It's not uncommon for a bride to be or become pregnant on her honeymoon, or for a couple to plan a last childfree trip to the tropics while they're expecting. Now, depending on where a woman and her partner choose to go, the possibility of contracting the Zika virus may be a factor in those plans. The outbreak hit the Americas in 2015, peaked in 2016, and the number of reported cases have declined in each succeeding year.
What is the Zika Virus?
Transmitted by the Aedes aegypti mosquito, most people infected by the Zika virus show mild or no symptoms. The cause for concern is that doctors and scientists believe that a bite from this mosquito can lead to serious birth defects in children born to pregnant women who have been bitten.
Where has the Zika Virus Occurred?
At its peak, the Zika virus was found in multiple tropical countries. Cases were reported in the following popular vacation destinations:
- Antigua and Barbuda
- Cayman Islands
- Costa Rica
- Dominican Republic
- Mexico (Chiapas, Nuevo Leon, and Jalisco states)
- Puerto Rico
- St. Barts
- St. Lucia
- St. Maarten/St. Martin
- Saint Vincent & the Grenadines
- Trinidad & Tobago
- Turks & Caicos
- U.S. Virgin Islands
Outbreaks of Zika also were previously reported in Africa and islands in the Pacific. Previously it was reported in the United States, with Miami, Florida registering the most cases. However, "In 2018 and 2019, no local mosquito-borne Zika virus transmission has been reported in the continental United States," according to the Centers for Disease Control and Prevention (CDC).
Can the Zika Virus be Avoided?
Currently there is no commercially available test for Zika virus, preventative drug, vaccine or treatment.
What Do the Experts Advise?
According to the CDC:
"Until more is known and out of an abundance of caution, pregnant women should consider postponing travel to any area where Zika virus transmission is ongoing. Pregnant women who do travel to one of these areas should talk to their doctors or other healthcare providers first and strictly follow steps to avoid mosquito bites during the trip. Women trying to become pregnant should consult with their healthcare providers before traveling to these areas and strictly follow steps to avoid mosquito bites during the trip."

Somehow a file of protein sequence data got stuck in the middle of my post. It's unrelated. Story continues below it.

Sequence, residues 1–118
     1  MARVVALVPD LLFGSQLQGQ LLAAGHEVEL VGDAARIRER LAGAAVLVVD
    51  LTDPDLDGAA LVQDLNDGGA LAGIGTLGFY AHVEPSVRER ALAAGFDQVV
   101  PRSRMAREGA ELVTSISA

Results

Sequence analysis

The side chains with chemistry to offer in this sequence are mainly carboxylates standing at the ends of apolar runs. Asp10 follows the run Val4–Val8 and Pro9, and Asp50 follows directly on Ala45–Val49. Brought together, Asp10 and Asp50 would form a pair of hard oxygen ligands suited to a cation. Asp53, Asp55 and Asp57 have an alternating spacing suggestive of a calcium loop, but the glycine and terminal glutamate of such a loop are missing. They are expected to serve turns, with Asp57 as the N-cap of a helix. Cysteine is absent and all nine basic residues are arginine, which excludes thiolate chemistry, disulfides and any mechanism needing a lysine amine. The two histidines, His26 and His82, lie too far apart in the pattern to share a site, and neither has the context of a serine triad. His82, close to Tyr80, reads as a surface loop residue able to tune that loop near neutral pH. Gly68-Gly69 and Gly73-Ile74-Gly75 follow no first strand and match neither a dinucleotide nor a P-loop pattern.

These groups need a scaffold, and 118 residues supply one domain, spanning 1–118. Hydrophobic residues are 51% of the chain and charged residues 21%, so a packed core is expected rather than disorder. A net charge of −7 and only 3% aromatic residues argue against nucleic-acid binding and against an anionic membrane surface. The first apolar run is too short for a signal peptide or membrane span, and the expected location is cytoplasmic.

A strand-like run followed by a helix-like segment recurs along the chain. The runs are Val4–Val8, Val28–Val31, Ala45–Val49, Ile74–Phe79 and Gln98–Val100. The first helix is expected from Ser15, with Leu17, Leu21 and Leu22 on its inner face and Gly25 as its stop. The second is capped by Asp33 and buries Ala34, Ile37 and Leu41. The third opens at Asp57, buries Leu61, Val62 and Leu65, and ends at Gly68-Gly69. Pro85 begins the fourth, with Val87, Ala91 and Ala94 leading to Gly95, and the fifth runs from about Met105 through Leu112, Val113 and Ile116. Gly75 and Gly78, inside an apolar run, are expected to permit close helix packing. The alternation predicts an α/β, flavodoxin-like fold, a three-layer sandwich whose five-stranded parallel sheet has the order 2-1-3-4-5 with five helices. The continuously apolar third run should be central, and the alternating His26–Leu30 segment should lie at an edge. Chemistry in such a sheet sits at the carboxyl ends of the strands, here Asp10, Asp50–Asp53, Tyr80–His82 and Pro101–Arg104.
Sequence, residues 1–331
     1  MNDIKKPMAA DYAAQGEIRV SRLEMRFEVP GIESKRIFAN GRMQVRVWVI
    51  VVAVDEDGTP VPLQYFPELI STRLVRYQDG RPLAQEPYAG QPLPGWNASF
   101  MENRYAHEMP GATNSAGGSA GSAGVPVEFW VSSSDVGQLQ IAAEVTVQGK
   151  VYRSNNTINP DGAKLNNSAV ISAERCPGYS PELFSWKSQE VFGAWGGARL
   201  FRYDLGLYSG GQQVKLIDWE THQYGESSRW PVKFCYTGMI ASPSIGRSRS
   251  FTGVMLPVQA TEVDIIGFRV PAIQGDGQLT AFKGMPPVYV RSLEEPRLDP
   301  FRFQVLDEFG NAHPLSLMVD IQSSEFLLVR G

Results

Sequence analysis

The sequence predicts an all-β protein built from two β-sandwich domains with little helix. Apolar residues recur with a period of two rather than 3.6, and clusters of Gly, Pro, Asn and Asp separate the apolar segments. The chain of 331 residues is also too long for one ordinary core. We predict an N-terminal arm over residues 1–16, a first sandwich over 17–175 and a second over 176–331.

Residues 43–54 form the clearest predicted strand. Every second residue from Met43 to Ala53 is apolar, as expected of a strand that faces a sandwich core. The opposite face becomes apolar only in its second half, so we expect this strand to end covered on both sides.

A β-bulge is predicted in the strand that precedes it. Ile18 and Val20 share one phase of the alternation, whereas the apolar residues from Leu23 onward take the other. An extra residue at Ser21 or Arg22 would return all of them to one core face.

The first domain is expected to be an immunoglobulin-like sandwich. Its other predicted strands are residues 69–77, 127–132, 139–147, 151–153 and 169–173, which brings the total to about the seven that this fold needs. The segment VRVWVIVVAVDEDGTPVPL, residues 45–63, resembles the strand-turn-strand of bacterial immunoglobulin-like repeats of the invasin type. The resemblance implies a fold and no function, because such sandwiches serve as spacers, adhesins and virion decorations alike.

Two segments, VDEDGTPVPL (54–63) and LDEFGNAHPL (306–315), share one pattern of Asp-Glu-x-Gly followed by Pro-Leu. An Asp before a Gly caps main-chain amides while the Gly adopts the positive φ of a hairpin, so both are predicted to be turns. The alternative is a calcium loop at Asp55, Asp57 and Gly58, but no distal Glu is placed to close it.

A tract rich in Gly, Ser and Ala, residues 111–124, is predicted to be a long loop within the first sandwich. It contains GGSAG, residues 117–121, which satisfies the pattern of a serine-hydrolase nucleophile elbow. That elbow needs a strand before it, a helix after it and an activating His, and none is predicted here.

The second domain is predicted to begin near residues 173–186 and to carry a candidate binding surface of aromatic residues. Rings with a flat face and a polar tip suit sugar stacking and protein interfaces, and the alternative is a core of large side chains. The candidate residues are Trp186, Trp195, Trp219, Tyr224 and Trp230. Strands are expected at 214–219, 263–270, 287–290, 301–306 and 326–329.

According to About.com's Caribbean Expert:
"Should you postpone your Caribbean vacation over fears of Zika? If you're pregnant, the answer could be yes. If you're not, probably not: symptoms of the disease are relatively mild, especially compared to other tropical diseases, and Zika remains relatively rare in the Caribbean."
According to About.com's Mexico Expert:
"The number of Zika cases in Mexico and elsewhere has decreased greatly in the past few years, and it is generally not a major concern for most travelers, however, women who are pregnant or considering becoming pregnant and their partners should take special care."
- Don't panic and rush to cancel a honeymoon in a hot spot if you are not pregnant and practice safe birth control.
- Pack mosquito repellent and use it consistently and according to directions. Bull Frog Mosquito Coast combines a DEET-free repellant that works up to 8 hours with SPF 30 sunblock in a spray that has a pleasant fragrance.
- If you are pregnant or plan on getting pregnant during your honeymoon, consider visiting the USA, Canada, Europe and other northern regions where no outbreaks have been reported.
- If you are pregnant and become infected by the Zika virus, a safe and legal abortion in the United States is an option. In many of the countries where the virus is prevalent, abortion is banned.
- In no rush to take a honeymoon? Wait until news of a Zika virus vaccine is reported and becomes widely available, and then travel where your heart desires.
Where to Find Out More About the Zika Virus
Learn more from these reputable sources:
- CDC Data & Statistics on Zika and Pregnancy
- The New York Times
- National Institutes of Health
- Pan-American Health Organization